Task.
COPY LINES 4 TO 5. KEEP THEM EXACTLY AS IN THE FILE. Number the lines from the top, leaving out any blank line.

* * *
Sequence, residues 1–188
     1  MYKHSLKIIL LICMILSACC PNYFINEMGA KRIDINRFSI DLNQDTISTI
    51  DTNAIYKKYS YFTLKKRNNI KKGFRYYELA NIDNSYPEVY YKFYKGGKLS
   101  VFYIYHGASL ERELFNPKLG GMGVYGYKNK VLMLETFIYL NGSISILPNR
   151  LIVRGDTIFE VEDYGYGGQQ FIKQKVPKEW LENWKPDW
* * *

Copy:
   101  VFYIYHGASL ERELFNPKLG GMGVYGYKNK VLMLETFIYL NGSISILPNR
   151  LIVRGDTIFE VEDYGYGGQQ FIKQKVPKEW LENWKPDW